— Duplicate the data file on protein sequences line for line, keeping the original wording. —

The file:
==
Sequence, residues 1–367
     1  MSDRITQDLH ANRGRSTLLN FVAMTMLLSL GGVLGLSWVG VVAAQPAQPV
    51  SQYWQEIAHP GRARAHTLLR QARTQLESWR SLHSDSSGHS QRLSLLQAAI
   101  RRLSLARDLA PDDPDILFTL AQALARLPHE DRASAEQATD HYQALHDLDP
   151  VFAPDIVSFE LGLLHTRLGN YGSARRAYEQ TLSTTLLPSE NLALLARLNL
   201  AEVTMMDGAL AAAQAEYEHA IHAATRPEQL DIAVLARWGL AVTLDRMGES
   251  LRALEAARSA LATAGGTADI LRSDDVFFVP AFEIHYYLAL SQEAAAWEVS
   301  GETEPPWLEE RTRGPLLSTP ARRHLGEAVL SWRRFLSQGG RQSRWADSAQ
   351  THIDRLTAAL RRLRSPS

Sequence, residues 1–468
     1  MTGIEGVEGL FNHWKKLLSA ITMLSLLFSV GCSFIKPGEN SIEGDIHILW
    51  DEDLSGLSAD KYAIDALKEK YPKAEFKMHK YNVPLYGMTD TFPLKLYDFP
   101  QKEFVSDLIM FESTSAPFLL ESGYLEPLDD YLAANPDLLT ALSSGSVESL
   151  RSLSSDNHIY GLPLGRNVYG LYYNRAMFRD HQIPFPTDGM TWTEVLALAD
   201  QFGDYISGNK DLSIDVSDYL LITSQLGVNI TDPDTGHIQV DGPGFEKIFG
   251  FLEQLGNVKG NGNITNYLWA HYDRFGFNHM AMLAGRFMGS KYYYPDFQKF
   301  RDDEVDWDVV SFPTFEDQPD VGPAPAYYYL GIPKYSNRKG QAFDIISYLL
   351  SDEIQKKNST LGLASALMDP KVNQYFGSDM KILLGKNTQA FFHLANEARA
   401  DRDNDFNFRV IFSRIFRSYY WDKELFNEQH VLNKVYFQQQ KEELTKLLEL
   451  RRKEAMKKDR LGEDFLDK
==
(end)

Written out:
Sequence, residues 1–367
     1  MSDRITQDLH ANRGRSTLLN FVAMTMLLSL GGVLGLSWVG VVAAQPAQPV
    51  SQYWQEIAHP GRARAHTLLR QARTQLESWR SLHSDSSGHS QRLSLLQAAI
   101  RRLSLARDLA PDDPDILFTL AQALARLPHE DRASAEQATD HYQALHDLDP
   151  VFAPDIVSFE LGLLHTRLGN YGSARRAYEQ TLSTTLLPSE NLALLARLNL
   201  AEVTMMDGAL AAAQAEYEHA IHAATRPEQL DIAVLARWGL AVTLDRMGES
   251  LRALEAARSA LATAGGTADI LRSDDVFFVP AFEIHYYLAL SQEAAAWEVS
   301  GETEPPWLEE RTRGPLLSTP ARRHLGEAVL SWRRFLSQGG RQSRWADSAQ
   351  THIDRLTAAL RRLRSPS

Sequence, residues 1–468
     1  MTGIEGVEGL FNHWKKLLSA ITMLSLLFSV GCSFIKPGEN SIEGDIHILW
    51  DEDLSGLSAD KYAIDALKEK YPKAEFKMHK YNVPLYGMTD TFPLKLYDFP
   101  QKEFVSDLIM FESTSAPFLL ESGYLEPLDD YLAANPDLLT ALSSGSVESL
   151  RSLSSDNHIY GLPLGRNVYG LYYNRAMFRD HQIPFPTDGM TWTEVLALAD
   201  QFGDYISGNK DLSIDVSDYL LITSQLGVNI TDPDTGHIQV DGPGFEKIFG
   251  FLEQLGNVKG NGNITNYLWA HYDRFGFNHM AMLAGRFMGS KYYYPDFQKF
   301  RDDEVDWDVV SFPTFEDQPD VGPAPAYYYL GIPKYSNRKG QAFDIISYLL
   351  SDEIQKKNST LGLASALMDP KVNQYFGSDM KILLGKNTQA FFHLANEARA
   401  DRDNDFNFRV IFSRIFRSYY WDKELFNEQH VLNKVYFQQQ KEELTKLLEL
   451  RRKEAMKKDR LGEDFLDK